8. 8. International Journal of Computer Engineering and Technology (IJCET), ISSN 0976- 6367(Print), ISSN 0976 – 6375(Online) Volume 4, Issue 4, July-August (2013), © IAEME 482 Figure 4 Pareto Diagram – Project-B(Phase-I) It can be observed from the Pareto Diagram in Fig. 4 that the high frequency of reported bugs for Project-B (Phase-I) is caused by insufficient code walkthrough referring to brief functionalspecification and brief system specification. The reason for not producing detailed project- related documents (i.e. Functional Specification, System Specification) is due to scope creep where changes are encountered (i.e. 40%) to the SRS. The root-cause of the recorded 40% of SRS changes is due to lack of project planning.In project management, effective planning is absolutely required if the individual or group wishes to deliver a finished project on time and on budget [1]. Project planning is one of the most important stages in Project Management because it defines the objectives of the project based on requirements gathered. Without Project Planning, the project will most likely fail [1, 12]. 3.4 IMPROVE PHASE Upon completion of the Analysis phase, the team produced a list of possible actions and ideas to address the root causes. The team shared the possible actions and/or ideas with the Managing Director and the shortlisted suggestions included ways to improve the chances of on-time software product delivery by adopting a structured and scientific approach of IT project management. IT project management requires a “structured and scientific approach” to the practice of management in order to meet the myriad challenges of the modern era in the rapidly evolving IT industry. This is the main reason why the case company must take the practice of project management seriously. Without a scientific approach to the task of managing the projects and achieving objectives, it would be very difficult for organizations to successfully execute the projects within the constraints of time, scope and quality and deliver the required result [1]. In other words, there has to be a framework and a defined way of doing things to ensure that there is a structure to the art of project management. Several process improvement activities were introduced in various phases of the PLC. The following is asummary of the suggested project management activities particularly focusing on the phases of planning and execution: • Action Plan 1 – SRS: SRS is a control document of baseline user requirement established during the Planning phase and is used by the project team for planning and execution. The project team will plan, schedule and develop the end product based on the “criteria” defined in the SRS. A good SRS should give the project team a “detailed” understanding of the project scope, outlining what are the expected deliverable 0 25 50 75 100 0 25 50 75 100 Reported Bugs Code Walkthrough Funtional Specification System Specification SRS Changes Planning Effort Log. (Cumulative Report Bugs)
  9. 9. International Journal of Computer Engineering and Technology (IJCET), ISSN 0976- 6367(Print), ISSN 0976 – 6375(Online) Volume 4, Issue 4, July-August (2013), © IAEME 483 items/modules/functions/products/services/supports. Items in the SRS are normally being referenced in the scheduling process to estimate total time, cost and resources needed to develop “these” deliverables. Therefore, it is necessary to pay closer attention to the SRS to minimize the chances of scope creep. • Action Plan 2 - Project Schedule:Items in the SRS are the main source or input for project scheduling [13]. Hence, it is important to break down items in the SRS into smaller and more manageable items so that mapping of SRS items against project schedule can be carried out more effectively and efficiently [1]. In the event thatthe SRS items can be segmented into independent module(s), modular delivery by stages is recommended. Whenever items in the SRS are being itemized and mapped into respective “smaller manageable task” (i.e. tasks with more than one man-day effort must be listed as a separate task) in the project schedule, the project team manager needs to ensure all items in SRS are taken care of with entries into the project schedule. As a result, at any one time the case company only requires to maintain project schedule (i.e. which was mapped with SRS items) [1, 9, 12] and the next focus would be tracking, controlling, developing and delivering “these” SRS items in the project schedule. In order to investigate the effect of a structured and scientific approach to IT project management, the list of IT project management activities proposed in section 3.4as a result of Six Sigma DMAIC approach was applied tothe second phase of Project-B. Project-B (Phase-II)execution began in February 2013 but project planning activities were initiated since October 2012. Only team leaders were involved in finalizing user requirements into SRS. In view of the nature of Project-B (Phase-II), the project was segmented into five independent modules with each delivered at different stages of the project execution phase. To-date, all the five modules are delivered on-time and in compliance to SRS specifications.Although there are bugs reported after modular delivery, there is a significant improvement oftotal sigma level in high- severity software quality defects. Project-B (Phase-II) demonstrated a great improvement in software quality defects where there have been no high severity bugs reported as compared to 100 out of 129 reported previously. Although there are 23 low severity bugs reported, those bugs fell into the category of “cosmetics” rectification where fixing was straight forward and a minimum of re-testing was required. The adoption of the Six Sigma DMAIC approach in the case company has improved the deliverables quality by 82.17%, with a lowernumbers of total bugs reported (total 23 reported bugs as compared to 129 prior to Six Sigma adoption). Furthermore, all the five modules were delivered on-time, within-budget and met project scopes. The importance of up-front planning in IT project management has been proven in this Six Sigma Project-B (Phase-II), showing 20 days effort (against 1 day planning effort in Phase-I) in project planning has resulted in better SRS management, less rework (only 5% as compared to 15% in Phase-I) and more manageable bugs (no high severity bugs as compared to 129 bugs in Phase-I). Although Phase-II was captured with a 5% change to SRS, a great improvement of 87.5% was reported in better managing and better handling of SRS over the Phase-I project which reported 40% changes to SRS baseline. The success of up-front planning also yielded other positive practices such as producing a detailed SRS, mapped SRS items into project schedule, all tasks in project schedule having less than or equal toone man-day effort and aided preparation of a comprehensive test plan and testing to be carried out in all phases not limiting towards the end of project execution. As an initiative of continuous improvement, the achievement of team productivity has increased by 50% due to better controlling and better organization of IT project management activities. In return, better team motivations and team spirit was embedded into the case company’s team culture where sharing of knowledge among technical teams and support teams will further improve project health.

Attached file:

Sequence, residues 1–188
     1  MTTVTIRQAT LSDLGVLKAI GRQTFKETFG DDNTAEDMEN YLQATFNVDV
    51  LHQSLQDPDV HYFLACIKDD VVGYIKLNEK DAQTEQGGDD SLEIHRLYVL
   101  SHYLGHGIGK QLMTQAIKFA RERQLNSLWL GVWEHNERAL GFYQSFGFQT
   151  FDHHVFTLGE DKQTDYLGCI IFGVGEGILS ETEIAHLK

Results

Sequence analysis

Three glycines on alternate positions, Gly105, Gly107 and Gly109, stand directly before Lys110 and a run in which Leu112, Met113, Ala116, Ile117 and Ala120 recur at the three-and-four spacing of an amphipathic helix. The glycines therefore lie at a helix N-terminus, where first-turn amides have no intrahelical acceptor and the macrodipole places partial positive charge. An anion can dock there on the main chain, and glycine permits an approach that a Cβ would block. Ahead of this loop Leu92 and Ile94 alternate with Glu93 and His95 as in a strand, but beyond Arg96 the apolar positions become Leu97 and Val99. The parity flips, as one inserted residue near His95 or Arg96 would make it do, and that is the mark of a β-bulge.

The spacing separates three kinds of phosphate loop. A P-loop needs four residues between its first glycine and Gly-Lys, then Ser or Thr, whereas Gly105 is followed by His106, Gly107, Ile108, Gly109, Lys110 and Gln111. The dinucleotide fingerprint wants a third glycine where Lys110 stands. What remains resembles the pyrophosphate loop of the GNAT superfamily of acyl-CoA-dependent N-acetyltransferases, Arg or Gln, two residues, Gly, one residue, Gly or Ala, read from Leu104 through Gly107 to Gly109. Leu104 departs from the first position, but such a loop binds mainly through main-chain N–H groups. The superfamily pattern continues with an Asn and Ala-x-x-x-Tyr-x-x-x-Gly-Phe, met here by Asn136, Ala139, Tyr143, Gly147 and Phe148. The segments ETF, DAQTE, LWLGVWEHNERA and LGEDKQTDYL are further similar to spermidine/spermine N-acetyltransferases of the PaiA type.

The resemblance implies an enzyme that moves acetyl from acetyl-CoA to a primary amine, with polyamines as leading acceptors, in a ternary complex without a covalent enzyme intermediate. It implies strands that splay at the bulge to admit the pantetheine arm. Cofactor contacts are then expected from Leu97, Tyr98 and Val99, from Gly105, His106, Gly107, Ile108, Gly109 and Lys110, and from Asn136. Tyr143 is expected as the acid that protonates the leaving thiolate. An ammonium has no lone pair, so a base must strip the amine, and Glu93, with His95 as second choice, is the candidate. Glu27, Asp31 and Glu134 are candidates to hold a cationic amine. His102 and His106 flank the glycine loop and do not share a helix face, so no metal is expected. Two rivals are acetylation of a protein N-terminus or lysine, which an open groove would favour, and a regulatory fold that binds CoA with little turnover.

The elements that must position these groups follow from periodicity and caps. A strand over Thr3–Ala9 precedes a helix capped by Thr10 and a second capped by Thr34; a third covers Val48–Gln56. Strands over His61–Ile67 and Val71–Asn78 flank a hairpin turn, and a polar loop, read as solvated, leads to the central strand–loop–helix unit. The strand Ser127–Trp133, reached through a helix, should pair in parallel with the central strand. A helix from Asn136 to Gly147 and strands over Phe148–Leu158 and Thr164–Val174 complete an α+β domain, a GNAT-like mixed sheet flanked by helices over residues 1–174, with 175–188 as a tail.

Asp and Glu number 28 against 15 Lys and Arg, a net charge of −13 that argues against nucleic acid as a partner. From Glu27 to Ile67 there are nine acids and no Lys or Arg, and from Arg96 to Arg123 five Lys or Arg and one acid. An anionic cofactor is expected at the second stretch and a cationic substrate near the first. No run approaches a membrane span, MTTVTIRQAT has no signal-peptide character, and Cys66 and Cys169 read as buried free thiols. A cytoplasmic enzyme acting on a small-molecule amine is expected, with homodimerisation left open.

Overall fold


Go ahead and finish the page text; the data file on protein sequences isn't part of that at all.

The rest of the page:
10. 10. International Journal of Computer Engineering and Technology (IJCET), ISSN 0976- 6367(Print), ISSN 0976 – 6375(Online) Volume 4, Issue 4, July-August (2013), © IAEME 484 4. CONCLUSION The success of an IT project relies on a blend of demanding conditions. Those conditions are always worthwhile reviewing before and during the course of a strategic IT project.Careful and effective planning with Six Sigma DMAIC adoption ensures that projects will not overrun deadlines and/or pile on unexpected costs. Thereforeaccording to the well-known 10/10 Rule which emphasize the need of proper planning; in order to complete the project within 10% of the estimated cost, 10% of the total estimated cost must be allocated to planning.The greatest reason for project failure is lack of planning, so the ability to build and manage a project schedule is a top priority if one needs to succeed at any IT project. REFERENCES [1] K. Schwalbe, Information Technology Project Management, 6th ed. Boston, MA: Thomson Course Technology, 2009. [2], "Project Failure Statistics." vol. 2013, 2013. [3] S. Berinato, "The Secret to Software Success," 2001. [4] P. S. Pande, R. P. Neuman, and R. R. Cavanagh, The Six Sigma Way; How GE, Motorola, and other top companies are honing their performance. New York: McGraw-Hill Companies, 2000. [5] Q. Feng and K. C. Kapur, "New to Six Sigma? An Introduction to Six Sigma for Students and New Quality Practitioners," 2007. [6] A. C. Tonini, M. de Mesquita Spinola, and F. J. Barbin Laurindo, "Six Sigma and Software Development Process: DMAIC Improvements," in Technology Management for the Global Future, 2006. PICMET 2006, 2006, pp. 2815-2823. [7] R. L. Edgeman, D. Bigio, and T. Ferleman, "Six Sigma and Business Excellence: Strategic and Tactical Examination of IT Service Level Management at the Office of the Chief Technology Officer of Washington, DC," Quality and Reliability Engineering International, vol. 21, pp. 257-273, 2005. [8] H. Kerzner, Project Management: A Systems Approach to Planning, Scheduling and Controlling. Hoboken, NJ: John Wiley & Sons, 2003. [9] H. Kerzner, Advanced Project Management: Best Practices on Implementation. Hoboken, NJ: Wiley, 2003. [10] vol. 2011. [11] J. R. Meredith and S. J. Mantel, Project Management: A Managerial Approach, 6th ed. Hoboken, NJ: Wiley, 2005. [12] J. T. Marchewka, Information Technology Project Management : Providing Measurable Organisational Value, 4th Ed ed.: John Wiley & Son, 2011. [13] J. A. Hoffer, J. F. George, and J. S. Valacich, Modern Systems Analysis and Design, 4th edition ed.: Prentice Hall, 2005. [14] U. D. Gulhane, C.A.Nalawade, K.P.Sohani and V.S.Shirodkar, “Six Sigma Implementation Model for File Manufacturing Industry”, International Journal of Mechanical Engineering & Technology (IJMET), Volume 3, Issue 2, 2012, pp. 59 - 66, ISSN Print: 0976 – 6340, ISSN Online: 0976 – 6359. [15] S.Manivannan and Dr.S.Balasubramanian, “Software Process and Product Quality Assurance in IT Organizations”, International Journal of Computer Engineering & Technology (IJCET), Volume 1, Issue 1, 2010, pp. 147 - 157, ISSN Print: 0976 – 6367, ISSN Online: 0976 – 6375.